Diamonds in Conflict Update

August 27, 2002

Diamonds in Conflict Update

As African nations involved in the conflict diamond crisis struggle to bring peace to their people, ongoing challenges remain. Here's an update:

Angola Needs Help
U.N. Secretary-General Kofi Annan congratulated the Angolan government on the peace process, credited with halting 27 years of civil war, but said there was still much humanitarian work to do. After meeting with Angola's President Jose Eduardo dos Santos on Aug. 26, he told reporters, "Peace is within reach and the Angolan people who have suffered so many years of war will be able to hope for a peaceful, prosperous future."

Angola will need help from the international community and the U.N., Annan said on the second day of his two-day visit to Angola, according to the Associated Press. The war that destroyed most of the diamond- and oil-rich country's economy ended with a cease-fire in April after the death of rebel leader Jonas Savimbi. Aid groups say up to half a million people face starvation due to the conflict.

The conflict has driven 4 million people, about a third of the population, from their homes. Human rights groups blame the UNITA rebels and the Angolan army for the humanitarian crisis. The United Nations agreed last week to increase its support for Angola to help arrange and coordinate humanitarian aid, mobilize international aid, reintegrate demobilized UNITA guerrillas into society, help the government prepare for elections and support mine-clearing. The country is one of the most heavily land-mined in the world. There are approximately 4 million to 5 million mines spread across Angola and 60 people are killed or injured each month, the government says.

Liberian Rebels, Politicians Shun Peace Talks
A summit designed to bring together Liberia's rival political factions opened in Monrovia Aug. 24, but rebels fighting to overthrow President Charles Taylor and key opposition leaders failed to turn up, reports Reuters. The empty seats left little hope the national reconciliation conference could do much to end years of mayhem in the war-battered West African state, which is under U.N. sanctions for fomenting regional instability.

Rebels who have fought a ruinous two-year-old bush struggle to oust Taylor – the so-called Liberians United for Reconciliation and Democracy – so far refuse to sit at the same table as the president. These military and political opponents have held a series of parallel meetings to settle their internal differences and work out a way forward without Taylor.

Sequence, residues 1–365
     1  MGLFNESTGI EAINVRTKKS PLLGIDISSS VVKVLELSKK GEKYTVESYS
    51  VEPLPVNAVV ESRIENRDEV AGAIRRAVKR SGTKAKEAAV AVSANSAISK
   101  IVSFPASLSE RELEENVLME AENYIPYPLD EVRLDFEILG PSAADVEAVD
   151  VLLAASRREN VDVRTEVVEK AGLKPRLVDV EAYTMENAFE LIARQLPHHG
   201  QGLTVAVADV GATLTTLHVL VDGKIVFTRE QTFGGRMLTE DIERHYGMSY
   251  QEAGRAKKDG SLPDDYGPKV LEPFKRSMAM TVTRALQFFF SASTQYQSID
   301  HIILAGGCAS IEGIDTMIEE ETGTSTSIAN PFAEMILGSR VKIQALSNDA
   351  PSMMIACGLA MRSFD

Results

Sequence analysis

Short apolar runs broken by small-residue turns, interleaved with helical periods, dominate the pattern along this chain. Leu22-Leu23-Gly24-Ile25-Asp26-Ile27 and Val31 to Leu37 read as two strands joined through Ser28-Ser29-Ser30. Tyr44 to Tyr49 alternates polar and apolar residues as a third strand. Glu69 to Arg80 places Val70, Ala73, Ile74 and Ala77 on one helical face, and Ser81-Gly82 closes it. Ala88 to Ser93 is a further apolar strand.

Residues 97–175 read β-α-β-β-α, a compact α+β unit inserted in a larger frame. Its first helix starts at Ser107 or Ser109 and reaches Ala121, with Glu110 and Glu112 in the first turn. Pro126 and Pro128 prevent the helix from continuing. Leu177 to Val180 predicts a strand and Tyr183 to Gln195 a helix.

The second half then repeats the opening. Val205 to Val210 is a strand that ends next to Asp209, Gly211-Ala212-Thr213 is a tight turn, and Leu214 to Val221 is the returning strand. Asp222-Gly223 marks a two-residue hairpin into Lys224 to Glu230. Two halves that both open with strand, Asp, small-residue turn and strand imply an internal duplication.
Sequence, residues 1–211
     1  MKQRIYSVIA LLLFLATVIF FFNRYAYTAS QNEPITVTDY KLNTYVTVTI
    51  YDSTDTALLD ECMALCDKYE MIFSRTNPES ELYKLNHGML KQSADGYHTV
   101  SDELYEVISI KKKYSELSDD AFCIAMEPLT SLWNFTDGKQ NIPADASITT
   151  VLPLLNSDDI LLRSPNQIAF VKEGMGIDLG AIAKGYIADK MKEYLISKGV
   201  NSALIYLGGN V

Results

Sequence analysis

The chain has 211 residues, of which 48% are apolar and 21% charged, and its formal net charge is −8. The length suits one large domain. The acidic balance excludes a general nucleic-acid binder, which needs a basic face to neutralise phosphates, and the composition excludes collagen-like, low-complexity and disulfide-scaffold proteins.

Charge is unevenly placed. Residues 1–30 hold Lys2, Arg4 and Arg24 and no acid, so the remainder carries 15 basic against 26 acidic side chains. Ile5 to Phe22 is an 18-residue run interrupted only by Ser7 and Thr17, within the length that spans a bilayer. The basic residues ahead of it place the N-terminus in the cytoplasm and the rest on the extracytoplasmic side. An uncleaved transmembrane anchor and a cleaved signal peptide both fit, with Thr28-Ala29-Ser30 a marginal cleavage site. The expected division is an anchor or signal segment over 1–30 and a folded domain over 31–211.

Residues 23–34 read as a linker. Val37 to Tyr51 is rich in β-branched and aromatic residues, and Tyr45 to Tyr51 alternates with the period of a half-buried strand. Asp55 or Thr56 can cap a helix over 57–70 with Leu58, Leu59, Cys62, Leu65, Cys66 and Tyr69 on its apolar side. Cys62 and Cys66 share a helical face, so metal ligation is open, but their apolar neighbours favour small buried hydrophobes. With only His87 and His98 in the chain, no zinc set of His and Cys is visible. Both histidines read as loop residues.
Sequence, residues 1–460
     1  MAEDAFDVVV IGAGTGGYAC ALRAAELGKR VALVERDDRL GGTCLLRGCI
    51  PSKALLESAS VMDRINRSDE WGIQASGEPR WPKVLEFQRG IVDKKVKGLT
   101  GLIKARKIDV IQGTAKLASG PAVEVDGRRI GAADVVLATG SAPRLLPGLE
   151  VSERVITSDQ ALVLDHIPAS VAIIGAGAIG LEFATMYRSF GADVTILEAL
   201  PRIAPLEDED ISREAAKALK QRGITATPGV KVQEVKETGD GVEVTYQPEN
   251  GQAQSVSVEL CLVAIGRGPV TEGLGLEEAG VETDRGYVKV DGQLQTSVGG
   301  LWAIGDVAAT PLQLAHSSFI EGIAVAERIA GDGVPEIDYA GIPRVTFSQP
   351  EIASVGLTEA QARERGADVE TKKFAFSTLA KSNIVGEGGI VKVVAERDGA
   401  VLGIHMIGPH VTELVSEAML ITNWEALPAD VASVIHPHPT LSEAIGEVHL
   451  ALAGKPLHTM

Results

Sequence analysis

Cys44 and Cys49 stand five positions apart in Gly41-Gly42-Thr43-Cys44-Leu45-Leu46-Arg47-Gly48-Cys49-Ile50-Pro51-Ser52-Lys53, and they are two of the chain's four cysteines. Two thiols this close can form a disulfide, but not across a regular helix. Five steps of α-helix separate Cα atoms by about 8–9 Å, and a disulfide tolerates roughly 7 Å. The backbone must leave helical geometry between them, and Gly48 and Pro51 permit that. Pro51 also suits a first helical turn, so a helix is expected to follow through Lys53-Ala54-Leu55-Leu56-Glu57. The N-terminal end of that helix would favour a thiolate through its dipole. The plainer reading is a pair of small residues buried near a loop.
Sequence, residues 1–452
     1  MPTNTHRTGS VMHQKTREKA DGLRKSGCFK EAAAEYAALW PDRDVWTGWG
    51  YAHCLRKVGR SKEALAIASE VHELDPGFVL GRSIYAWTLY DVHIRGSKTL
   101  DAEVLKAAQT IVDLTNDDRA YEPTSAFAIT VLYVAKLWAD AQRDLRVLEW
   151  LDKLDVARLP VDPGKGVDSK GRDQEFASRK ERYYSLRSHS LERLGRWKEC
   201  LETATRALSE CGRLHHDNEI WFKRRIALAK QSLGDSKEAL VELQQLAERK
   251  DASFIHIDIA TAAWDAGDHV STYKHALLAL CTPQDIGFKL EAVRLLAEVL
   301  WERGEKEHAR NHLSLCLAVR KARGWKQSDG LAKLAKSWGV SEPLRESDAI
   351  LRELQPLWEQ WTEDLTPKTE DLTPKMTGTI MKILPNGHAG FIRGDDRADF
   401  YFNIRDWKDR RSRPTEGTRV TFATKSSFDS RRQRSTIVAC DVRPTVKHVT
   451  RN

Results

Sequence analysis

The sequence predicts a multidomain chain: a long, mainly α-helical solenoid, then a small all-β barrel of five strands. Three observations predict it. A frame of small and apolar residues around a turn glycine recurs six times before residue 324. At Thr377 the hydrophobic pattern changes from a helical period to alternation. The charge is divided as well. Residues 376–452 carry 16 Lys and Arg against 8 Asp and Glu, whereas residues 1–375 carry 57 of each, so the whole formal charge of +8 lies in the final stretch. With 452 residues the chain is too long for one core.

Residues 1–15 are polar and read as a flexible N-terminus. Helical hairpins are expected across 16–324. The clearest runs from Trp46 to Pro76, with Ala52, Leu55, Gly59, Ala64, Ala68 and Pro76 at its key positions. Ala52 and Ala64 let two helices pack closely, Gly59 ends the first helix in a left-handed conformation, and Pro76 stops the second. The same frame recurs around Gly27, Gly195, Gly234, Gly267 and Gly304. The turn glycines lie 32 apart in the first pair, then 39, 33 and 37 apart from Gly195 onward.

Besides the rebels, key opposition figures including former presidential candidate Ellen Johnson Sirleaf were also no-shows, although organizers said they hoped they might join the talks – scheduled to continue for weeks – at a later stage. Sirleaf's party said it was boycotting the meeting because the government refused to lift a state of emergency imposed earlier this year and free a journalist and a human rights activist held on suspicion of being close to the rebels.

Many Western diplomats say getting rid of Taylor would be the best step toward ending a dozen years of conflict in the diamond-rich region which has left a quarter of a million dead. Liberia never recovered from a seven-year civil war which Taylor started in 1989. After fighting rival factions to a standstill, he won a presidential election in 1997. By then, fighting had moved to neighboring Sierra Leone and on to Guinea, only to return to Liberia in 2000. Accused of fueling regional wars by trading guns for illicit gems, Taylor's Liberia is under a U.N. ban on gem exports and travel by top officials as well as an arms embargo.

Congo's Main Rebel Group Losing Support
Rebels of the Rally for Congolese Democracy never had much popular support and are seen by many in the Democratic Republic of Congo as stooges of neighboring Rwanda. There's escalating resentment toward this rebel group as it faces the battle of its life to hold on to a third of the mineral-rich former Zaire as part of a drawn-out conflict there, according to Reuters. Congo's war began in 1998 when Rwanda and Uganda invaded to support rebels fighting the government. Zimbabwe, Angola and Namibia sent troops to back the government.

Other main combatants in a many-sided war have inched toward peace to try to end a conflict that has cost an estimated two million lives, mostly through starvation and lack of health care. But RCD has suffered a series of setbacks. The rebels were excluded from a power-sharing deal between the government and several Ugandan-backed factions in April.

Then last month Rwanda signed an accord with the government that calls for the withdrawal of some 20,000 Rwandan troops from Congo within months – potentially abandoning RCD without the military backing that made it strong. But for those living in eastern Congo, invaded by Rwanda and Uganda, the hope brought by the peace deal is moderated by fear of what their weakened rebel rulers might do to keep their grip. "The RCD is like a candle that's melting down and soon there may be no more wax for it to burn," a human rights worker said.

RCD has always said it's fighting to establish democracy in Africa's third largest country. Many Congolese, though, suspect it may have more to do with the country's huge mineral riches; gold, diamonds, timber and coltan (used in laptop computers, mobile phones and stealth bombers). All sides have been accused of looting. The 12 diamonds gleaming from the gold ring of one senior rebel commander suggest RCD's leaders are not struggling in poverty while they remain in charge, observed Reuters.

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